[50]  A. L. Webb, G. Malin, F. E. Hopkins, K. L. Ho, U. Riebesell, K. Z. Schulz, A. Larsen, P. S. Liss, Ocean acidification has different effects on the production of dimethylsulfide and dimethylsulfoniopropionate measured in cultures of Emiliania huxleyi and a mesocosm study: a comparison of laboratory monocultures and community interactions Environ. Chem. 2016, 13, 314.
Ocean acidification has different effects on the production of dimethylsulfide and dimethylsulfoniopropionate measured in cultures of Emiliania huxleyi and a mesocosm study: a comparison of laboratory monocultures and community interactionsCrossRef | 1:CAS:528:DC%2BC28XksFGrsLw%3D&md5=feb759ad0383690ea6fba8d789086bccCAS |

[51]  A. L. Webb, E. Leedham-Elvidge, C. Hughes, F. E. Hopkins, G. Malin, L. T. Bach, K. Schulz, K. Crawfurd, C. P. D. Brussaard, A. Stuhr, U. Riebesell, P. S. Liss, Effect of ocean acidification and elevated fCO2 on trace gas production by a Baltic Sea summer phytoplankton community Biogeosciences 2016, 13, 4595.
Effect of ocean acidification and elevated fCO2 on trace gas production by a Baltic Sea summer phytoplankton communityCrossRef |

[52]  O. W. Wingenter, K. B. Haase, M. Zeigler, D. R. Blake, F. S. Rowland, B. C. Sive, A. Paulino, R. Thyrhaug, A. Larsen, K. Schulz, M. Meyerhöfer, U. Riebesell, Unexpected consequences of increasing CO2 and ocean acidity on marine production of DMS and CH2ClI: potential climate impacts Geophys. Res. Lett. 2007, 34, L05710.
Unexpected consequences of increasing CO2 and ocean acidity on marine production of DMS and CH2ClI: potential climate impactsCrossRef |

[53]  J.-M. Kim, K. Lee, E. J. Yang, K. Shin, J. H. Noh, K.-T. Park, B. Hyun, H.-J. Jeong, J.-H. Kim, K. Y. Kim, M. Kim, H.-C. Kim, P.-G. Jang, M.-C. Jang, Enhanced production of oceanic dimethylsulfide resulting from CO2-induced grazing activity in a high-CO2 world Environ. Sci. Technol. 2010, 44, 8140.
Enhanced production of oceanic dimethylsulfide resulting from CO2-induced grazing activity in a high-CO2 worldCrossRef | 1:CAS:528:DC%2BC3cXht1akt7rI&md5=afc1df51573cb6605837d6a00cdc5ecdCAS |

[54]  F. E. Hopkins, S. D. Archer, Consistent increase in dimethylsulphide (DMS) in response to high CO2 in five shipboard bioassays from contrasting NW European waters Biogeosciences Discuss. 2014, 11, 2267.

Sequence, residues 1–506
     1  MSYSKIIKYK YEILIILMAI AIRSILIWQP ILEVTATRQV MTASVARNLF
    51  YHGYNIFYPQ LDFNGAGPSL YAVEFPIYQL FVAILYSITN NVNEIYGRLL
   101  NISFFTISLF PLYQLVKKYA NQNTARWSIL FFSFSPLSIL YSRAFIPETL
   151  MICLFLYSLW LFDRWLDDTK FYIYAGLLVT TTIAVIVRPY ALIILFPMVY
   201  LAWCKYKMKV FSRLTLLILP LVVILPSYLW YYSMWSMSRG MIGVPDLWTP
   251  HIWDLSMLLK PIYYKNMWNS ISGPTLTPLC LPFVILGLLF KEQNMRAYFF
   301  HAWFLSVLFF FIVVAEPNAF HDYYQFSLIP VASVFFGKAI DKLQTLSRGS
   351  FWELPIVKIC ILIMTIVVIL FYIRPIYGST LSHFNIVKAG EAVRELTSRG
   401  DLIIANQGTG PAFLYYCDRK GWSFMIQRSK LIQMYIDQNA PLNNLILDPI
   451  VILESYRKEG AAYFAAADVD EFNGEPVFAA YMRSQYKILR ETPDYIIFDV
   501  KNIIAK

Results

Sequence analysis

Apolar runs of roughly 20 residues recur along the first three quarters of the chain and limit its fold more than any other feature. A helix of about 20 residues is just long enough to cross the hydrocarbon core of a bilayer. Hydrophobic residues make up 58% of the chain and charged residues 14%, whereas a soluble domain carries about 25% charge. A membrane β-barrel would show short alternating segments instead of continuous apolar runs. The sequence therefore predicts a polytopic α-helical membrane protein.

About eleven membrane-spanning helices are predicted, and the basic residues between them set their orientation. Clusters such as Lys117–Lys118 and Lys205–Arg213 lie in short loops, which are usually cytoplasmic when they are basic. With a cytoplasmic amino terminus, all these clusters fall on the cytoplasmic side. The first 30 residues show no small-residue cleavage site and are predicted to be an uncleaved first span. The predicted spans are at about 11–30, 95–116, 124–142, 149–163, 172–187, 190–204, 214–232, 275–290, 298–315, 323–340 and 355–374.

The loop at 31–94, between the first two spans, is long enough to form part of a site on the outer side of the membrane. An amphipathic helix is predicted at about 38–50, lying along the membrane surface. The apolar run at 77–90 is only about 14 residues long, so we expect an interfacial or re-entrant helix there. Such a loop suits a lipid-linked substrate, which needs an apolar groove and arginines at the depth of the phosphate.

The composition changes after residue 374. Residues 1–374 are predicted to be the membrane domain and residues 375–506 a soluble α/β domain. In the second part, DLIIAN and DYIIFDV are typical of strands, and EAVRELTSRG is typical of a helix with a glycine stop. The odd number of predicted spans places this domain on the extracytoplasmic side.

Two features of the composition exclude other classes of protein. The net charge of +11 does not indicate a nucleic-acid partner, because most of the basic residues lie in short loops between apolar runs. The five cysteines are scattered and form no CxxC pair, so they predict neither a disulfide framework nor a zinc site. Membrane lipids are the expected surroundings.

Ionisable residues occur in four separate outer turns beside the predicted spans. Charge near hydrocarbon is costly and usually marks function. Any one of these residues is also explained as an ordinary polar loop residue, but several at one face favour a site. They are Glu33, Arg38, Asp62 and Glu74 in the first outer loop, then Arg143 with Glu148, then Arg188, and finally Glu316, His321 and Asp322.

Consistent increase in dimethylsulphide (DMS) in response to high CO2 in five shipboard bioassays from contrasting NW European watersCrossRef |

[55]  V. Avgoustidi, Dimethyl Sulphide Production in a High CO2 World 2006, PhD dissertation, University of East Anglia, Norwich, UK.

[56]  H. Arnold, H. Kerrison, M. Steinke, Interacting effects of ocean acidification and warming on growth and DMS-production in the haptophyte coccolithophore Emiliania huxleyi Glob. Change Biol. 2013, 19, 1007.
Interacting effects of ocean acidification and warming on growth and DMS-production in the haptophyte coccolithophore Emiliania huxleyiCrossRef | 1:STN:280:DC%2BC3sjntlOrsg%3D%3D&md5=315539d971d8f31743eba3e1bc8b8cfeCAS |

[57]  P. Kerrison, D. J. Suggett, L. J. Hepburn, M. Steinke, Effect of elevated pCO2 on the production of dimethylsulphoniopropionate (DMSP) and dimethylsulphide (DMS) in two species of Ulva (Chlorophyceae) Biogeochemistry 2012, 110, 5.
Effect of elevated pCO2 on the production of dimethylsulphoniopropionate (DMSP) and dimethylsulphide (DMS) in two species of Ulva (Chlorophyceae)CrossRef | 1:CAS:528:DC%2BC38XhsVCjt7vI&md5=b95ea012b245c12650d20fe8a9009006CAS |

[58]  F. E. Hopkins, S. A. Kimmance, J. A. Stephens, R. G. J. Bellerby, C. P. D. Brussaard, J. Czerny, K. G. Schulz, S. D. Archer, Response of halocarbons to ocean acidification in the Arctic Biogeosciences 2013, 10, 2331.
Response of halocarbons to ocean acidification in the ArcticCrossRef | 1:CAS:528:DC%2BC2cXltlGktrw%3D&md5=78c331070a85429faa20d7f23496796fCAS |

[59]  V. Schoemann, S. Becquevort, J. Stefels, V. Rousseau, C. Lancelot, Phaeocystis blooms in the global ocean and their controlling mechanisms: a review J. Sea Res. 2005, 53, 43.